Aboriginal Environments Research Centre

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Kelly Greenop


Year Graduated: 

Currently Working: 
School of Architecture, University of Queensland

Park signage in Inala

Thesis Title: 
‘It gets under your skin’: Place meaning, attachment, identity and sovereignty in the urban Indigenous community of Inala, Queensland


Indigenous places in Australia have been changed dramatically through processes of colonisation, but current models of place do not reflect place attributes that are embedded within the contemporary urban Indigenous context. The changes to Indigenous place attributes since colonisation include effects on legal ownership, access, social and kin connections, and the conceptualisation of places. This thesis examines place attributes in the Indigenous community of Inala, in Brisbane, and examines the meaning, attachment, identification and sovereignty associated with contemporary and historical places. A model of place is presented in which these four place attributes describe the hierarchy of increasingly complex and powerful people-place relationships.

I propose an expansion of this model to incorporate the new concept of ‘transcending sovereignty’, whereby Indigenous people assert their ongoing links to traditions of ownership and authority that transcend colonial histories and current laws. This research uses a ‘decolonising’ approach, which searches Indigenous versions of place that have seldom been acknowledged in the suburban Australian context, while acknowledging the entanglement of Indigenous lives and places with the state. The concept of the ‘intercultural’ is used here to frame this analysis within a multicultural, dynamic suburban context. The approach is based on ethnographic research with people in the Inala Indigenous community over a number of years, and analyses the everyday, informal and formal ways that Inala Indigenous people relate to place, as well as the current effects of the state and non-Indigenous people on these place attributes.

The meanings of place are examined, demonstrating the highly fluid and individualized nature of place meaning, and the importance of kin and social groups in making places meaningful. Place attachment, a strong concept in Inala, is analysed and I discuss the ways that attachment is generated through activity, family connections and memories, and describe some of the places of attachment in Inala, ranging from homes to parks and neighbourhoods, zones of more proximate street blocks and landscape features. Topophobia, hatred of place, attachment’s opposite and the way such a feeling is generated, is also analysed, providing and expanded understanding of this phenomenon.

Place identity is analysed, using the concept of domains, which act as social and spatial constructs that trace identity and affect how places are continually re-inscribed through actions. I argue that belonging in or to a place is an extension of place identity, beyond the individual’s feelings, into acknowledgement of their rights to that place by social or cultural institutions. Place belonging implies a socially sanctioned right to belong, rather than place identity which is a more personal attribute. The policing and affirming of belonging through social and cultural processes is contrasted with the individual’s identification with place. Ways in which both place identity and belonging are created, through historical, family and childhood experiences and the re-inscription of place through travel and other activities are discussed. The expression of place identity through retaining social ties, self-description and place-based tattooing, and belonging through affirmation by groups help to distinguish between identity and belonging.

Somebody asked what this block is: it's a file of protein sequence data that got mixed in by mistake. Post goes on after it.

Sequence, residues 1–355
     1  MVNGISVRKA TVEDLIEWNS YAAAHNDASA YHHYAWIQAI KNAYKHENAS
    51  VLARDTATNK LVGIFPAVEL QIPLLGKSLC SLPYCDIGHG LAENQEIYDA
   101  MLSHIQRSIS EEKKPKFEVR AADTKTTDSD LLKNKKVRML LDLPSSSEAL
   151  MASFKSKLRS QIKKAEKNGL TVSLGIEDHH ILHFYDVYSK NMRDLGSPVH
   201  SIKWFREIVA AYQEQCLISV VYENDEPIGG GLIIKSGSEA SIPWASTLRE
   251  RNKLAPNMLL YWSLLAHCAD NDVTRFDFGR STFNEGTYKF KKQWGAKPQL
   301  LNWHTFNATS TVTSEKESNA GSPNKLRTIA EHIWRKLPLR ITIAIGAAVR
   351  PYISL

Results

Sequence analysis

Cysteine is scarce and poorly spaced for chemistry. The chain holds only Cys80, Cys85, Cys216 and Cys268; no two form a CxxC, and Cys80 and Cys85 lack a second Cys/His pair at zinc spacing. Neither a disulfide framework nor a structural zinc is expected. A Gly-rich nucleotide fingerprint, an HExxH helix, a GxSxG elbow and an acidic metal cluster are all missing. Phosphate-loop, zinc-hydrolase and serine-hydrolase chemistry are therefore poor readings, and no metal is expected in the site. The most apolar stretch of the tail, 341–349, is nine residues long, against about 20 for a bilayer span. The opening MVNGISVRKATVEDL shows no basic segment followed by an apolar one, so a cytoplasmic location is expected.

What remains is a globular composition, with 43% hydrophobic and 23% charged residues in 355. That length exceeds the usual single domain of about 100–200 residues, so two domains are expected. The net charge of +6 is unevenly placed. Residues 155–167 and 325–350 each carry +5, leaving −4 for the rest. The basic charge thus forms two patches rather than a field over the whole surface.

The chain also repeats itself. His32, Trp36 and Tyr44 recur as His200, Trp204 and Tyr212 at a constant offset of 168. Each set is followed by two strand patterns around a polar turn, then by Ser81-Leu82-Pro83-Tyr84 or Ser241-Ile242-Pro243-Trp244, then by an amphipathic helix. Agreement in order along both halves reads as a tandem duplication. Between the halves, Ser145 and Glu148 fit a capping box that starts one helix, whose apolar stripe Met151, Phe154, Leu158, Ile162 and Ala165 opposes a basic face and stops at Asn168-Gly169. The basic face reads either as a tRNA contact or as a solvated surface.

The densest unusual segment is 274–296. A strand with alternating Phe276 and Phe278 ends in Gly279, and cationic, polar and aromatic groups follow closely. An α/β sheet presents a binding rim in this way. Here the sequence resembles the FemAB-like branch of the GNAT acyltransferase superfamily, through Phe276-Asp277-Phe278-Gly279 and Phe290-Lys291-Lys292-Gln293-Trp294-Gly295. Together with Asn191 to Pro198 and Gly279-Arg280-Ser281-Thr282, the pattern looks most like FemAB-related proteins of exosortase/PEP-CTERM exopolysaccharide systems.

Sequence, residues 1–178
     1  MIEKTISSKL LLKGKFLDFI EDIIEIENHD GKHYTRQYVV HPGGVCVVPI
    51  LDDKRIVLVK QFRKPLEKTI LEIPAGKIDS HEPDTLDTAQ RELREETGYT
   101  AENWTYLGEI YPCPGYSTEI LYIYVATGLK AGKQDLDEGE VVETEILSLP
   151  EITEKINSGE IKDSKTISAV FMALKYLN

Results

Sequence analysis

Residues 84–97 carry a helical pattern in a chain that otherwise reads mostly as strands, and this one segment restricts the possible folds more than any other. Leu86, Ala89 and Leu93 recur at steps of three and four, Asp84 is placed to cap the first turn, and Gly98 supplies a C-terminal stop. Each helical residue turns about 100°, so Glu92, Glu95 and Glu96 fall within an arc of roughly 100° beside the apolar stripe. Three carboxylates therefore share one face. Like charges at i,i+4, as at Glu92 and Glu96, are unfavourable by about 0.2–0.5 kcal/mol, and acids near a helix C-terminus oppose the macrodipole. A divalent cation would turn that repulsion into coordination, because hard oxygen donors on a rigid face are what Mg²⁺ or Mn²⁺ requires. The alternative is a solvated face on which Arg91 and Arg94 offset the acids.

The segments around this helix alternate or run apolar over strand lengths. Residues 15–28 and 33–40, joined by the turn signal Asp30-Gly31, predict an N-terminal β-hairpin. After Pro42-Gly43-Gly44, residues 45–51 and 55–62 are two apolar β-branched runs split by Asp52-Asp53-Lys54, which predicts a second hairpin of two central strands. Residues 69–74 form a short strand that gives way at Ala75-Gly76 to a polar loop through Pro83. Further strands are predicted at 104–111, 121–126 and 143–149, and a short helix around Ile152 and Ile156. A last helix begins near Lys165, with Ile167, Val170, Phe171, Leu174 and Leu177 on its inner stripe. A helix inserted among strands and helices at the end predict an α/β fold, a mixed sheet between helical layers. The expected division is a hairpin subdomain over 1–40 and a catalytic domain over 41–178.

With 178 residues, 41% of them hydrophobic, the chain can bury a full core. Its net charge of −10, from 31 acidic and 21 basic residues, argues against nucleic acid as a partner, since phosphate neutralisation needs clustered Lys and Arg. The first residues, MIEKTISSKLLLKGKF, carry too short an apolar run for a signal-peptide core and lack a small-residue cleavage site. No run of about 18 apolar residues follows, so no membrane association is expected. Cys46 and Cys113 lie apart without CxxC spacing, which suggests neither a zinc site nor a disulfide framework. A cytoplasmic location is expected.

Finally, sovereignty, the ultimate power-in-place, is examined: both the assertion of colonial sovereignty, and the continual counter-assertion of an Indigenous sovereignty. I describe the new concept of transcending sovereignty, which incorporates the importance of home country and traditional places but also, and at times instead of, emphasises the importance of newer Indigenous places.

The research contributes a more detailed knowledge and understanding of place by considering and describing how Indigenous place is accounted for within general models of place. It defines place identity more fully and explains the difference between belonging and identity, and challenges the concept of sovereignty to consider Indigenous understandings of sovereignty. The thesis describes the specific ways in which place is made meaningful in a suburban Indigenous setting contributing to the body of work detailing contemporary Indigenous lives and places.